Parenting as an Individual with an FASD
While many people with an FASD choose not to have children, some people want to create a family of their own. Parenting with an FASD can be challenging, but it is possible for individuals with an FASD to be successful parents. It may require additional support from family, community and require an understanding partner. It is important to identify your brain challenges and use effective strategies to keep you organized and calm.
Areas of the brain that control emotions are often impacted by prenatal alcohol exposure. Parenting requires a lot of patience and emotional regulation. Children pick on their parent’s reactions, so managing emotions is a critical part of creating a secure environment for your child.
- Learn how to walk away or wait to respond during times of frustration
- Count to 10 before responding and use techniques to stay relaxed
- Deep breathing
- Grounding exercises (Name 1 thing you can see, hear, touch, smell, hear)
- Go for a brisk walk (if another adult is home), do push-ups or jumping jacks
- Drink a cold glass of water
- Use deep pressure (massage temples, hands, etc.) or tapping
- Take a big sniff! Use aromatherapy (lavender, chamomile, etc.)
- Never react with hitting, punching or throwing things, name-calling, or saying things that are hurtful
- Work with a therapist or mental health provider to help manage emotions
Executive functioning is often a challenge for individuals with an FASD. This is the capacity to organize, plan and complete multi-step tasks.
- Create a daily routine and use visual reminders (pictures) or notes. Having structure and routine is not only helpful for the parent with an FASD, but children thrive in a predictable environment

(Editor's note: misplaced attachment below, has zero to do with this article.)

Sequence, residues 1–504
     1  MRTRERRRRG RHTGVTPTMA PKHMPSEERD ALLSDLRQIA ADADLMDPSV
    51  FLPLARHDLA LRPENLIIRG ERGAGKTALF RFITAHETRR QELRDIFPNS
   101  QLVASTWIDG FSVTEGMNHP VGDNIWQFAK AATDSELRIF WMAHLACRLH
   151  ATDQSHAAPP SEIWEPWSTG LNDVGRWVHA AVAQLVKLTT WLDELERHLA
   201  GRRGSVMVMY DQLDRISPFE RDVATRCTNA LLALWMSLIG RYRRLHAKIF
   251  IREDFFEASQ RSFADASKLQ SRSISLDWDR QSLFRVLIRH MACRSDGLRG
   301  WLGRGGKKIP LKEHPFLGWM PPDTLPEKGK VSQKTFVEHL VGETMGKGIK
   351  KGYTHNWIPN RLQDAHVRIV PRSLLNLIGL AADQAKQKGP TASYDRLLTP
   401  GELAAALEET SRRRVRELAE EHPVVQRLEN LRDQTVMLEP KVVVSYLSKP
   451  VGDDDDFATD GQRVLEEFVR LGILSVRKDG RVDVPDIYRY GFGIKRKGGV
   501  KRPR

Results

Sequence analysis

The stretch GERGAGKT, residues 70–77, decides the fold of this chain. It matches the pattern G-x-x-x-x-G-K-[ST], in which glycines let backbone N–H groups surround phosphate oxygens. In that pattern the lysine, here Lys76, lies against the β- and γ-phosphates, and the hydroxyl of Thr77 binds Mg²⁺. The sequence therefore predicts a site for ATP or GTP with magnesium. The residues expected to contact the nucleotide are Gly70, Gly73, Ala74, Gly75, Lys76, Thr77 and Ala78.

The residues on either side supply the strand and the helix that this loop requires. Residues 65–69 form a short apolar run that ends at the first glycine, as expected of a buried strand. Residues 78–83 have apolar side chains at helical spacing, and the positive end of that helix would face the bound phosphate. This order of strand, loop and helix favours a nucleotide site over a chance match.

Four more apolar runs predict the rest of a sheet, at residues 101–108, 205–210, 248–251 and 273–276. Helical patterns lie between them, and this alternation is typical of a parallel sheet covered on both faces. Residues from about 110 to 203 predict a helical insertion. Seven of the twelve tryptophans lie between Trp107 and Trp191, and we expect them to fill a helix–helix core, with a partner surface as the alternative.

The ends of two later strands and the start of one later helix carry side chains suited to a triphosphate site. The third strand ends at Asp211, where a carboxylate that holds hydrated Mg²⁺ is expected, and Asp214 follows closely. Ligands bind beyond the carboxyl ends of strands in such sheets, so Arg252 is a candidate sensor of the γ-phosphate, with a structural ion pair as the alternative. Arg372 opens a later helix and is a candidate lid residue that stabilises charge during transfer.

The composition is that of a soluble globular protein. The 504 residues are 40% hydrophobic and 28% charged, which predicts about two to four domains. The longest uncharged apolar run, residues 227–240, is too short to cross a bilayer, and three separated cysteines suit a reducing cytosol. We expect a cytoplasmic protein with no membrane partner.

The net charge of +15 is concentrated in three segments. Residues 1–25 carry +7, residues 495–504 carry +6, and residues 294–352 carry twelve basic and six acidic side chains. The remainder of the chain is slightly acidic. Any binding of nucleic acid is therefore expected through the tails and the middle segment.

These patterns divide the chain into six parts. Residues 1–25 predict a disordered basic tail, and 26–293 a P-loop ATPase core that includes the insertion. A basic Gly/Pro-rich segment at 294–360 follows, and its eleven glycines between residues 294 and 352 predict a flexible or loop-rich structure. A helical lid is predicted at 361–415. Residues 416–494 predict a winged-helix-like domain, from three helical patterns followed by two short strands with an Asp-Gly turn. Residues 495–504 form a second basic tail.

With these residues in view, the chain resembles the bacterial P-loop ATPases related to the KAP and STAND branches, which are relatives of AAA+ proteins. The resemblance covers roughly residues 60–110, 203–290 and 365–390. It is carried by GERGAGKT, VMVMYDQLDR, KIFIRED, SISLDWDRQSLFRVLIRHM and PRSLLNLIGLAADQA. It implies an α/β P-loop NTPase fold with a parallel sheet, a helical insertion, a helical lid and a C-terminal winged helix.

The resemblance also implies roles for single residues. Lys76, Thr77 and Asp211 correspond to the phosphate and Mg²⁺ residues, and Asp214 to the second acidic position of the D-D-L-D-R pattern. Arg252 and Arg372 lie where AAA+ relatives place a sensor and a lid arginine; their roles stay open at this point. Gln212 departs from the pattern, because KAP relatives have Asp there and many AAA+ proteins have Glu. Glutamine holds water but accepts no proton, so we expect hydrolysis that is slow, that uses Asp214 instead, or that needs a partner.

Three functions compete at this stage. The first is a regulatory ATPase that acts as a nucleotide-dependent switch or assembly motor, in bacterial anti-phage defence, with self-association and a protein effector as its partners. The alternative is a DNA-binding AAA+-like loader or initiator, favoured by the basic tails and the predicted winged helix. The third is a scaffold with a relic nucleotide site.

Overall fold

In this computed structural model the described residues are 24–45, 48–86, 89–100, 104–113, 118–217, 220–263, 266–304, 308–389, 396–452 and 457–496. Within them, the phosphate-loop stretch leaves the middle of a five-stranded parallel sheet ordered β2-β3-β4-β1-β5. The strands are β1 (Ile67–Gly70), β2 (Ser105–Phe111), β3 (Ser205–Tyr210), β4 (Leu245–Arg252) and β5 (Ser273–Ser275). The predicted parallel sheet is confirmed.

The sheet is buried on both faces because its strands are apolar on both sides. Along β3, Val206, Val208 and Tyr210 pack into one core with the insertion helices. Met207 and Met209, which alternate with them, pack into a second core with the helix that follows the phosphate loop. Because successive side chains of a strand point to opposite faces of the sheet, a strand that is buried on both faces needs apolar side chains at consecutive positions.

- Keep a visual calendar as well as one on your phone and use alarms for appointments and school-related activities
- Make lists for shopping and plan healthy, well-balanced meals in advance
- Use visual reminders or make checklists to be sure you have completed all daily tasks for your child (brush teeth, bath, bedtime story, etc)
- If you struggle with managing a daily budget, ask a partner or family member to help provide support to manage your money
Create Your Support Network
We’ve all heard the phrase “it takes a village to raise a child.” Identify external supports to help support you in parenting.
- Have open and honest communication with your partner about the type of daily support you need and identify other family members you trust to provide help
- Find parenting groups such as Early Childhood Family Education (ECFE). Most communities have this group. Example: ECFE Minneapolis
- Use home visiting resources, which can come into your home and provide guidance and support to parents. Google your county + home visiting. Example: Ramsey County Home Visiting
- For financial support, see if you qualify for help for food through the WIC program
- Create a positive relationship with your child’s school. Attend school conferences, get to know teachers and staff.
- Individuals with disabilities have the legal right to be parents. If you feel you are at risk of losing custody of your child because of your disability you can find legal representation.
- Title II of the ADA and Section 504 of the Rehabilitation Act of 1973 protect parents and prospective parents with disabilities from unlawful discrimination in the administration of child welfare programs, activities, and services. Jun 12, 2019
First, talk with family to see if a problem can be resolved without legal action. If legal action is necessary, you can reach out to a local disability rights legal advocacy group.